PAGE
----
Guest blog by Kat Brealey.
It was the beginning of January when my husband Ben came home from work saying that a colleague had asked him to run the Bristol 10k. I encouraged him to take up the offer - and then the next day wondered if maybe I should be encouraging myself to do it too!
During the previous spring we had both done a ‘Couch to 5k’ programme which had taken us from being completely new to running, to being able to run 5k fairly comfortably. However once we reached the end of the programme, and entered the summer heatwave, predictably our new found hobby didn’t last. Once the autumn came around, I laced up my trainers once more and gave running a second chance, entering a 5k race in the November in order to give me a goal. It felt good to have a reason to get outdoors during a season which usually calls for slippers and hot chocolate, as the nights draw in. After the race I took an obligatory couple of months off over the Christmas period, but by the beginning of 2014 I was ready to get out there again and so the suggestion of running the 10k came at just the right time. It was a longer distance that I’d run before, but there was still four months to go giving us plenty of time to get in training. Ben was keen to challenge himself too. So, slightly nervously, we logged on to the Bristol 10k website ready to register.
There was one condition though. During our previous experiments with exercise, Ben had endured my endless complaints before each run as I desperately tried to think of a reason why I couldn’t possibly go out today. I became the queen of excuses, rescheduling each run until it could be put off no longer - and then even once I set off, continually assessing whether I could justify turning round and heading home early. I didn’t really have time to run the full distance before dinner, did I? Did I feel a spot of rain? Was that a twinge in my knee? Patient thought Ben is, the thought of this whinging going on for four months was more than he could take. He gently suggested that before we sign up, I consider whether this was something I really wanted to do - and if it was, to resolve to do it without complaint.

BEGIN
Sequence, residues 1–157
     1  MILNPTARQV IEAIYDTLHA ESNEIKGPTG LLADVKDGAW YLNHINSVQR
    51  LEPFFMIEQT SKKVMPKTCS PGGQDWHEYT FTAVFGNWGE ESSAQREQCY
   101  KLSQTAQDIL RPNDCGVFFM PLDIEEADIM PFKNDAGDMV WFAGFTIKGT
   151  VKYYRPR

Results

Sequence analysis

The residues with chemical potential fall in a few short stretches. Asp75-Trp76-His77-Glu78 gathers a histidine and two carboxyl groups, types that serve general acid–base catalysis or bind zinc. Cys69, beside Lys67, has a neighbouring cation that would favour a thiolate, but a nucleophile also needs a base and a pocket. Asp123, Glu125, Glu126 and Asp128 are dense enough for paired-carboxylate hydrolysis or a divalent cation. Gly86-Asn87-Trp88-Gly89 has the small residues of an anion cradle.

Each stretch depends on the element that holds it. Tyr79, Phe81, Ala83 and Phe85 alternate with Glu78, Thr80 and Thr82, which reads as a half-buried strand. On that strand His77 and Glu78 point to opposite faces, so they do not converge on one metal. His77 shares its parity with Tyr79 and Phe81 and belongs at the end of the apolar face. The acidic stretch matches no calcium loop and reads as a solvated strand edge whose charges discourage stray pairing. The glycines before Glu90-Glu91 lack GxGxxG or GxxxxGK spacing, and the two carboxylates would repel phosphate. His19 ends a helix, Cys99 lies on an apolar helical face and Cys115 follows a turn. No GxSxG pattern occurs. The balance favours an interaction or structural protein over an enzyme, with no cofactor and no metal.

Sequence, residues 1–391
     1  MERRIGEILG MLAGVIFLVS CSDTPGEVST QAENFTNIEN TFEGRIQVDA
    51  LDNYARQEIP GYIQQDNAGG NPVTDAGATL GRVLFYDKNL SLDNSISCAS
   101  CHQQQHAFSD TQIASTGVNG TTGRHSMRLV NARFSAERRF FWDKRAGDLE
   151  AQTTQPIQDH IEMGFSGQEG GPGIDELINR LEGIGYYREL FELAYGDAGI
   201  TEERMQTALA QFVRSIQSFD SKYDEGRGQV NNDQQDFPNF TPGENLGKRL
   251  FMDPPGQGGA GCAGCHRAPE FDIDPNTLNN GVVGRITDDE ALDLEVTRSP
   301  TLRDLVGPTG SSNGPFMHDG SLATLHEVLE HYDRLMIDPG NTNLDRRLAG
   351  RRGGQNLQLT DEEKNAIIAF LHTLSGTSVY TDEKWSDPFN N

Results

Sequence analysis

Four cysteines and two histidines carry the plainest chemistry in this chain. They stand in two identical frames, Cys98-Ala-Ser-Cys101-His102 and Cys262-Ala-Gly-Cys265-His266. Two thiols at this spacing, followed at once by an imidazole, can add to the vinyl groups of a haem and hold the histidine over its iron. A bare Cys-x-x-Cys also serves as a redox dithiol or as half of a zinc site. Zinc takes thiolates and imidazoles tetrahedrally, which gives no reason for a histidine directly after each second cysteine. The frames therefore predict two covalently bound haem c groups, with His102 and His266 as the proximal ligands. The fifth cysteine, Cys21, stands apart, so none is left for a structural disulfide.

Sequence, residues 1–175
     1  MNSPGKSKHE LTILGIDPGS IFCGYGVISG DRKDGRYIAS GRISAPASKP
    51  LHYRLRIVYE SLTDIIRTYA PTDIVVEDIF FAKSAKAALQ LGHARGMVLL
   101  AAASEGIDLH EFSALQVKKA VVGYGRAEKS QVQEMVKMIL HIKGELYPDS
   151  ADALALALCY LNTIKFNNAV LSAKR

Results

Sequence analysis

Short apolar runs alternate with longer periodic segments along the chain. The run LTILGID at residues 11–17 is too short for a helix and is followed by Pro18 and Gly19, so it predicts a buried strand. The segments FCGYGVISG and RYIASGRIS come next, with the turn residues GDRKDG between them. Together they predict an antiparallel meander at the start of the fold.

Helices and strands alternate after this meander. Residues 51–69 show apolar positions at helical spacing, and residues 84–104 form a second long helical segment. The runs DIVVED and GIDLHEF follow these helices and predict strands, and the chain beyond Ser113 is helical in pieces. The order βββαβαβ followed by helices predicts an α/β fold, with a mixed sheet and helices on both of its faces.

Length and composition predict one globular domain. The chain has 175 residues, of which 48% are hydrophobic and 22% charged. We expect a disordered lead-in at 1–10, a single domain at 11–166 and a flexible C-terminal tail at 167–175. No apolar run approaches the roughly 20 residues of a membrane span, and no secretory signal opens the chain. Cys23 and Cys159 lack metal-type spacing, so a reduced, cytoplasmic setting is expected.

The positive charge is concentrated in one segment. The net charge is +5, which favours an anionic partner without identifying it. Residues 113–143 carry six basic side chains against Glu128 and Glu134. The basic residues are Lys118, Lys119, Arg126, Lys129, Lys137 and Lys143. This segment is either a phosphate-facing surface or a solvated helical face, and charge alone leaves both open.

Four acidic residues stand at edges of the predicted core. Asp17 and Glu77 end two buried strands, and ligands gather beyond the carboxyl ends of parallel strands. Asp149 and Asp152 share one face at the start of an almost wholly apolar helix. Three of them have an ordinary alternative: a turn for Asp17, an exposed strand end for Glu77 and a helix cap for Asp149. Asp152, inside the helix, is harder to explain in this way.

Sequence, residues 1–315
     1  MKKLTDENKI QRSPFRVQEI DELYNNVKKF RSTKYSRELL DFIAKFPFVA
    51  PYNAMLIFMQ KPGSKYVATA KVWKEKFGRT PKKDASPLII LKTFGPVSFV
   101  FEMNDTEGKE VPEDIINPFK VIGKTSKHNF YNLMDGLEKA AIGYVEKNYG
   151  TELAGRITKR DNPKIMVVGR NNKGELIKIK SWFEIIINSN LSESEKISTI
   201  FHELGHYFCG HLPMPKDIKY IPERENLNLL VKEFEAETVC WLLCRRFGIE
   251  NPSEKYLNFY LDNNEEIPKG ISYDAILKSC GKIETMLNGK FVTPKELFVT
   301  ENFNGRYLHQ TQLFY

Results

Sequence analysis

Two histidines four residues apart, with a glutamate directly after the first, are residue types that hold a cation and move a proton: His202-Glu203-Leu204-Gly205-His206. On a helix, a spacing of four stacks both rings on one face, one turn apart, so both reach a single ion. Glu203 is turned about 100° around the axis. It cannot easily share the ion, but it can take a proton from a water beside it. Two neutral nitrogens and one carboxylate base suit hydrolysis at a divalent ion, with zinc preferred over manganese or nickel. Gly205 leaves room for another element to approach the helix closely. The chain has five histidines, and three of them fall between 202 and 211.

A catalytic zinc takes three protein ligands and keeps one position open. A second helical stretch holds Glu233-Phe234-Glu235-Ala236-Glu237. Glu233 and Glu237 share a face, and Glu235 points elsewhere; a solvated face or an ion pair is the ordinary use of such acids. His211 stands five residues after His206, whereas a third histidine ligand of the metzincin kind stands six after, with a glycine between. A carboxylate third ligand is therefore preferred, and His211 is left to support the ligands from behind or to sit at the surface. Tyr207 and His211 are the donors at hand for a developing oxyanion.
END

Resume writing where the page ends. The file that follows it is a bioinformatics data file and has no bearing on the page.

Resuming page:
And that’s where 28 Too Many came into the picture. It occurred to me that one way to stem my moaning was to make this race about something more than myself. Having been impressed by the work of 28 Too Many in the past, running the Bristol 10k in their name seemed like a great opportunity to raise much-needed funds, as well as awareness of FGM. It’s an issue that’s particularly relevant to us in Bristol, the city which is home to young campaigners like Fahma Mohamed, whose petition calling on Michael Gove to put FGM on the agenda of every headteacher in the country gained nearly 250,000 signatures. Knowing that I’m standing alongside inspirational young women like Fahma has spurred me on to resist the call of the sofa, and stick to my training plan without complaint. I truly believe that I will see an end to FGM in my lifetime, and I’m honoured that on the 11 May our race will be a tiny part of that effort.
With just a few weeks left to go until race day, Ben and I would be grateful for any support you can offer via our fundraising page - http://www.justgiving.com/katandbenrun10k